To the outside world, Alex seemed conventional enough. He never lost his St Bernard’s habit of wearing khakis and a blue polo shirt. He was quiet- shy even. Every teacher comment Alex ever got said something like: “Gee, I wish Alex would talk more in class”. He had sweet manners. Late on a Friday night in December of ‘04 when Dr. Paul Meyers told him that he had cancer, Alex absorbed the news for a bit and then asked Paul, “So, do you have plans for the weekend?” To the outside world he was a nice-looking, clean-cut, pleasant guy. A seemingly ordinary young man.
But we knew better. At all times, Alex had a three-ring circus dancing in his head: a funny, original chaos of fantasy, social commentary, stream of consciousness zigzags and nonsequiturs, all delivered with perfect timing. His specialty was analyzing the social dynamic of his family and friends: a kind of psychoanalytical gossip. He would pace around the apartment, chuckling to himself, lost in his own world. James Joyce could have been describing Alex when he wrote: “He lived at a little distance from his body, regarding his own acts with doubtful side glances.” Night after night at dinner, Alex would place himself strategically in front of the mirror the better to admire his performance, and off be would go: the Alex show. Alex was an authentic, original observer, and his favorite target was himself. He embraced with verve his own shortcomings: his self doubt, his awkwardness with girls, his Olympic lack of organizational skills, the fact that our cats always chose his back pack on which to pee. He was supremely capable of skewering others’ foibles as well- Laszlo was one of his favorite topicsand there was much banter and teasing of brothers- but it was all with such affection. We laughed and laughed. There is a reason we have such trust for each other in our family, and it’s because from early on Alex set the tone. He was kind in his very bones.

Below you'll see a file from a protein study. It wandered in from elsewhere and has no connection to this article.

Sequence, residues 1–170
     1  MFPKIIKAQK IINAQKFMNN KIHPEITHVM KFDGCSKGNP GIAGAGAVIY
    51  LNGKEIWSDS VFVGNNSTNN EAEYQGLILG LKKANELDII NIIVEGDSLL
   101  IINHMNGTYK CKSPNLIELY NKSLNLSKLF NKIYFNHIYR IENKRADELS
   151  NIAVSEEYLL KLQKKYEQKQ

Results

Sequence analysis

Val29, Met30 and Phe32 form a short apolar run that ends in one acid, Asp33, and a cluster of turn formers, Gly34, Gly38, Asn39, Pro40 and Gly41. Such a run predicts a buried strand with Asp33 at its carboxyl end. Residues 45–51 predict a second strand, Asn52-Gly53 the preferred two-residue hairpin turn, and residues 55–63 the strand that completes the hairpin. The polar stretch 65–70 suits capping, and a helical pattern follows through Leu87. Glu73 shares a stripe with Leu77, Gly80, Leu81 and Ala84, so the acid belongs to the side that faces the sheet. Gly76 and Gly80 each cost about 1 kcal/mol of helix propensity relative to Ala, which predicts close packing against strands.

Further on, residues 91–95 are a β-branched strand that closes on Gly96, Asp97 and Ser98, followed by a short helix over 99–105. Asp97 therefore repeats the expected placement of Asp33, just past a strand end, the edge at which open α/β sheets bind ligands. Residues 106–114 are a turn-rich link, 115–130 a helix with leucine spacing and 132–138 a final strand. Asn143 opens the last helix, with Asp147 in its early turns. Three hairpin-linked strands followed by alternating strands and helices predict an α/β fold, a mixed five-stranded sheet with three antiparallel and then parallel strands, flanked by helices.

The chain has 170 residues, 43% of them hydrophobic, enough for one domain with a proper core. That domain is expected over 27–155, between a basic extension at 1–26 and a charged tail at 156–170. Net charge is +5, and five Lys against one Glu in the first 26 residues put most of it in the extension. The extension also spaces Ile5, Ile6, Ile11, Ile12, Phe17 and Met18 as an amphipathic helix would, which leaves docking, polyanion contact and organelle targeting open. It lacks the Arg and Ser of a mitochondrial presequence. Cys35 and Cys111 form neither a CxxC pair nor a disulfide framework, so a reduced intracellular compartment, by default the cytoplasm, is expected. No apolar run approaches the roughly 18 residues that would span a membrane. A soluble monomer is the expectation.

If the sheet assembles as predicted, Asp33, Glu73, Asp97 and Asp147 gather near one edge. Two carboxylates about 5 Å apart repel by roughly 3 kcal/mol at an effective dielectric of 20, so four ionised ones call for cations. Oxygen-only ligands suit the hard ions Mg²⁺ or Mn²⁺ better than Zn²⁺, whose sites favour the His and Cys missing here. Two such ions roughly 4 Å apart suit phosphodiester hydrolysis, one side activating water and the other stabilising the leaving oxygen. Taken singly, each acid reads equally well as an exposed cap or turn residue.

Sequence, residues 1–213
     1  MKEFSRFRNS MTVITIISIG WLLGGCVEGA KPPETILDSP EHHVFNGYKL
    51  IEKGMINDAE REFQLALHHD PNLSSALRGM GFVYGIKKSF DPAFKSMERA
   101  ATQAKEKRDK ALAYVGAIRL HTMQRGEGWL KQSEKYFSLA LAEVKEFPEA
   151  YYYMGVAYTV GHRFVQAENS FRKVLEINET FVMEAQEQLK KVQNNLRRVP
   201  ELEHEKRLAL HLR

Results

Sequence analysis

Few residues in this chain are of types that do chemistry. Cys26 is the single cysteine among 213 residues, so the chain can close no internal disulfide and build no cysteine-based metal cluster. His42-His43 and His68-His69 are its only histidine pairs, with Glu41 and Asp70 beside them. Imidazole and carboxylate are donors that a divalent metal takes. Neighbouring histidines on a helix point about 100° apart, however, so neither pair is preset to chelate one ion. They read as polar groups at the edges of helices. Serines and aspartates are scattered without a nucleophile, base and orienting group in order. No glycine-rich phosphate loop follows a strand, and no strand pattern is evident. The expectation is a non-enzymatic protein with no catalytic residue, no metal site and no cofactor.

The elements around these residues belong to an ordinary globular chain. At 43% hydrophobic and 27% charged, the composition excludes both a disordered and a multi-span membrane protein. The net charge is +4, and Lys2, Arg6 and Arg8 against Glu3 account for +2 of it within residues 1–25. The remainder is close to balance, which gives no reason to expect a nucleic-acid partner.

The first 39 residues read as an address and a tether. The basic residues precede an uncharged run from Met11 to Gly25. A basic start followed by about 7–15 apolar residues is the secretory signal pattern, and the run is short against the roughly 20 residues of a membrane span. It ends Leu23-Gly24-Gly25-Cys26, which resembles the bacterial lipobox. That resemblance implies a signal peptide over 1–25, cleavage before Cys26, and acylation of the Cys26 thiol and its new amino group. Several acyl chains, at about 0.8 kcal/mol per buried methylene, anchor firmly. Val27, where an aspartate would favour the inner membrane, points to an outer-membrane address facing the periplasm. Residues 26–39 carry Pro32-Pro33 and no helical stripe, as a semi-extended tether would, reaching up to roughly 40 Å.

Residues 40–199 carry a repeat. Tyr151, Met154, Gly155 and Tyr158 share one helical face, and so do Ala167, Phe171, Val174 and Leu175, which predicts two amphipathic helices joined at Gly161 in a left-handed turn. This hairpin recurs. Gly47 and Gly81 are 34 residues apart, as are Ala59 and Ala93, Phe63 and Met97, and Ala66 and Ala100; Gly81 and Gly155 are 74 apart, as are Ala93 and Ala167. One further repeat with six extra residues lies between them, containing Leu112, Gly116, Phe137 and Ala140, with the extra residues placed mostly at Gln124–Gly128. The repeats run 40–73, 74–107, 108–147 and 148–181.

Alex shared his circus with the outside world in two ways: One was his writing- all about himself, naturally. Hewas funny. He was good. He won some national awards. An admission officer at a college to which he applied wrote him a letter- even before be got in- telling Alex that in 20 years of reading essays, Alex’s was the first to make her laugh out loud. Once at Princeton he managed to write his way into advanced creative writing classes, no mean feat for a freshman.
The other way Alex shared his circus with the world was through acting. For a guy who was so shy that he wouldn’t talk in class, it was surprising that Alex could get up on stage and be anybody- the more outrageous, the better. At Trinity, he was George in Once in a Lifetime, Ned in Holiday and Lucky in Waiting for Godot. My favorite of his roles was his last. In the Berlind Theater at Princeton, Alex starred as a gay guy who crooned a love song, did a soft shoe, and blew kisses to President Tilghman sitting in the audience. He brought down the house.